For objects that have been extremely close to Earth on astronomical scales long before humans walked on the planet, there is still quite a large amount of information that is unknown about asteroids. According to one study, "…astronomers did not consider asteroids as subjects worthy of study in their own right…until the latter half of this century."
Now it seems that not only are people learning that there is a wealth of information to be derived from these space vagabonds in regards to mineralogy and planetary dynamics, but they also realize that some asteroids may be potential threats to Earth; should an asteroid large enough be headed for a collision with it.
Facts about Asteroids
- Asteroids are rocky objects that orbit the Sun, with diameters of less than 1000 kilometers at their widest point.
- There are two major types of asteroids when classified by composition: Carbonaceous (C) and Silicaceous (S) types. They can further be subdivided into other groups from these two major types.
- These phenomena can also be classified by their location in the solar system. Several groups are much closer to the Sun than the main belt, such as the Aten and Apollo groups. Others, like the Trojan and Centaur groups, lie further than the main belt.
What are Asteroids?
Asteroids can be defined as rocky masses that orbit the Sun, with sizes that measure from small dust particles to a maximum of 1000 kilometers wide at their longest width. Most people know of asteroids as the giant 'belt' of space rocks that lies between the planet Mars and the planet Jupiter. This is absolutely a true description - but there are more of these space phenomena that lie elsewhere in Earth's solar system, including a group called the Centaur Group that extend from Jupiter's orbit to distances as far as Pluto.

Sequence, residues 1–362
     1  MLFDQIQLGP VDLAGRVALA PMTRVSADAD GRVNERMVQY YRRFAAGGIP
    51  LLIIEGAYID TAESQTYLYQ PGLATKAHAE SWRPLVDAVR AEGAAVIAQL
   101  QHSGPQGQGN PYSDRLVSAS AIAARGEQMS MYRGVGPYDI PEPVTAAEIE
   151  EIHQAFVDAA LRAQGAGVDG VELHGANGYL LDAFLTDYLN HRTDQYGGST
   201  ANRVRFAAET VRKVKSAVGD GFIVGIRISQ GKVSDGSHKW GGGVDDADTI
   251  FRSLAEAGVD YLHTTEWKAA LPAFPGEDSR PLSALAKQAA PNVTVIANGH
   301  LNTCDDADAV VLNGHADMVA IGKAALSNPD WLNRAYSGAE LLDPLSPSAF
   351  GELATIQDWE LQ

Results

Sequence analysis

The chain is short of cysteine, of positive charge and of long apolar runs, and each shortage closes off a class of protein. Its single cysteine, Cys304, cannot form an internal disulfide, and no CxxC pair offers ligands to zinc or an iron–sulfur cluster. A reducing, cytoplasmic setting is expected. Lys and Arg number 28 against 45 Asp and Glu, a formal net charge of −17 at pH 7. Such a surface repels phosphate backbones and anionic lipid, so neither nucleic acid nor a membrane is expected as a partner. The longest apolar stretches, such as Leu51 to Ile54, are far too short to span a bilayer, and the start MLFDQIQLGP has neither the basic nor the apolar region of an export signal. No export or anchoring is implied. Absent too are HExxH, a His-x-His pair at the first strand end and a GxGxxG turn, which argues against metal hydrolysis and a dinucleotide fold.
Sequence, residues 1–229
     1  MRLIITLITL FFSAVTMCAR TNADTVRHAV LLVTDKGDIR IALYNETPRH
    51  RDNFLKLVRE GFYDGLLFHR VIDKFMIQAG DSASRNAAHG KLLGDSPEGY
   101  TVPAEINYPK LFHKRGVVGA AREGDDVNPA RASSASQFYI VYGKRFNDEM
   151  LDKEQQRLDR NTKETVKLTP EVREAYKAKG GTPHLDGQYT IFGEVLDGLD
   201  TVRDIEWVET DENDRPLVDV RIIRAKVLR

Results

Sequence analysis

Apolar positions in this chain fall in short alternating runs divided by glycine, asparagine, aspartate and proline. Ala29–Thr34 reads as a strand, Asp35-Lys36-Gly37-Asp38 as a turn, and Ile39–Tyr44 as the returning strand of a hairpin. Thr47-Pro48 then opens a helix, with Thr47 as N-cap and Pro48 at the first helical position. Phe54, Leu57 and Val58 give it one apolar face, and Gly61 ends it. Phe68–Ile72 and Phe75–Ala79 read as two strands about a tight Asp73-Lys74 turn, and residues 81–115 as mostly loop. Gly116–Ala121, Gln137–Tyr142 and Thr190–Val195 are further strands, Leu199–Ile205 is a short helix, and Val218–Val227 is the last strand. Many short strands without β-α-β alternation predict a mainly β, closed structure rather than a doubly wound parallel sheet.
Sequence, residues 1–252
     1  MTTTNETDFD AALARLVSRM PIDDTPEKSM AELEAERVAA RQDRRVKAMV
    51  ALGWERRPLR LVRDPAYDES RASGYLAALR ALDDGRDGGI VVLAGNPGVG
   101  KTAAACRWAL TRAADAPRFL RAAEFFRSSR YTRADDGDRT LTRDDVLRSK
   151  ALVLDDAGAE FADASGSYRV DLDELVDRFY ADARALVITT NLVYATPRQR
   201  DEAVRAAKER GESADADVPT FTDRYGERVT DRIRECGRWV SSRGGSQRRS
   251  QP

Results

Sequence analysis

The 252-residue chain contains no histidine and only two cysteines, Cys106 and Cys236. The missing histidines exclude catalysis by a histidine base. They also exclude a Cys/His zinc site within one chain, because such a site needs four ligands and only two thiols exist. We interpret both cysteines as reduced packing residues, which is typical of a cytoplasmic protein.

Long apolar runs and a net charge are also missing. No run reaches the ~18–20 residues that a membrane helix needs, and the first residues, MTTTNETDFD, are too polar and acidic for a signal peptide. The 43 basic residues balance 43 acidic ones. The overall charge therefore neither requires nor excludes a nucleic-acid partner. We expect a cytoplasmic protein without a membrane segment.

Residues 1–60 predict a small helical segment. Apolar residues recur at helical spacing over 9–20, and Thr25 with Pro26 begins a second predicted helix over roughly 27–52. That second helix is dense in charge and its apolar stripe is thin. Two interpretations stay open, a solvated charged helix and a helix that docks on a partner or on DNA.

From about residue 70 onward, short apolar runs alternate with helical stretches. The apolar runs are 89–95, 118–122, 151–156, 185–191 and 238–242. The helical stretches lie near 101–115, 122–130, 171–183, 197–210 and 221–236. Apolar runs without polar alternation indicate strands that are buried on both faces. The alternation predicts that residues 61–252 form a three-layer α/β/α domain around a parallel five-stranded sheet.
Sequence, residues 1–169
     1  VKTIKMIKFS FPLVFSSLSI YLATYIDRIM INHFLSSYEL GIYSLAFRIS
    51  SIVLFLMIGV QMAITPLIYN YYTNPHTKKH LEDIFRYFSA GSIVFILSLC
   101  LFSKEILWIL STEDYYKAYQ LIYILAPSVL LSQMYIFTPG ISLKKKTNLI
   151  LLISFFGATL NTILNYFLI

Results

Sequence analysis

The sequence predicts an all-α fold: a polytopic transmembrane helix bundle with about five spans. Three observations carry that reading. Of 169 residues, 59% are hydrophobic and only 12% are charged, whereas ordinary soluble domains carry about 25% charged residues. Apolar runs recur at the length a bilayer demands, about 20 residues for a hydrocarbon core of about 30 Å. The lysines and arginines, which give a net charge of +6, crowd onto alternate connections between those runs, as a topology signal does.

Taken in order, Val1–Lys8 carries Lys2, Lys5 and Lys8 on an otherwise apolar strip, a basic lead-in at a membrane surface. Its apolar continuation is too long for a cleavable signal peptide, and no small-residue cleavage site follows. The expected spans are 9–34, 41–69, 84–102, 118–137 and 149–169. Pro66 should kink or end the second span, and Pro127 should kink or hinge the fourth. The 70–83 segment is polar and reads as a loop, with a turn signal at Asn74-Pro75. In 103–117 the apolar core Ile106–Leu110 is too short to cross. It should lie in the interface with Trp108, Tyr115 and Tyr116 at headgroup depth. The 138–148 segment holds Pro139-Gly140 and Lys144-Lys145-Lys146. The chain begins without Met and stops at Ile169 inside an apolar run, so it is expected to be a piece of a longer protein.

One of the prevailing theories regarding the origin of the main asteroid belt between Mars and Jupiter, is that the asteroids would have formed another planet at the same time the other planets of solar system were forming, but Jupiter's (and possibly the other gas giants') gravitational pull was so massive that it prevented this additional planet from ever forming.
Classifications of Asteroids
Multiple asteroid classification systems have been developed over the last 40 years. As technology has become more advanced, and individuals have become better able to observe and identify additional features of asteroids, the classification systems have adapted and become more sophisticated. Initially, asteroids were identified by the light they were reflecting from the sun, and were classified only by variations in the visual spectrum. Later, as equipment and processes became more advanced, classification systems began to add the near-infrared part of the spectrum to the already existent visual spectrum classes.
The first classification was developed in 1975, by Clark Chapman, David Morrison, and Ben Zellner. This classification system separated asteroids into 3 classes, a "C" class, for carbonaceous asteroids, an "S" class for silicaceous asteroids, and a "U" class for asteroids which did not fall into either the "C" class or the "S" class. The next major classification system developed was the Tholen classification system, developed by David J. Tholen in 1984. The Tholen classification system
divided the 3 groups defined in the initial classification system into subgroups, and added 6 additional classes; A-type, D-type, T-type, Q-type, R-type, and V-type asteroids. In 2002, Schelte J. Bus and Richard P. Binzel, using data from MIT’s Small Main-belt Asteroid Spectroscopic Survey (SMASS) taken at the Kitt Peak Observatory, created a more advanced classification system. This classification system consisted of 26 classes, and was based on slope values over various sections of the spectral curve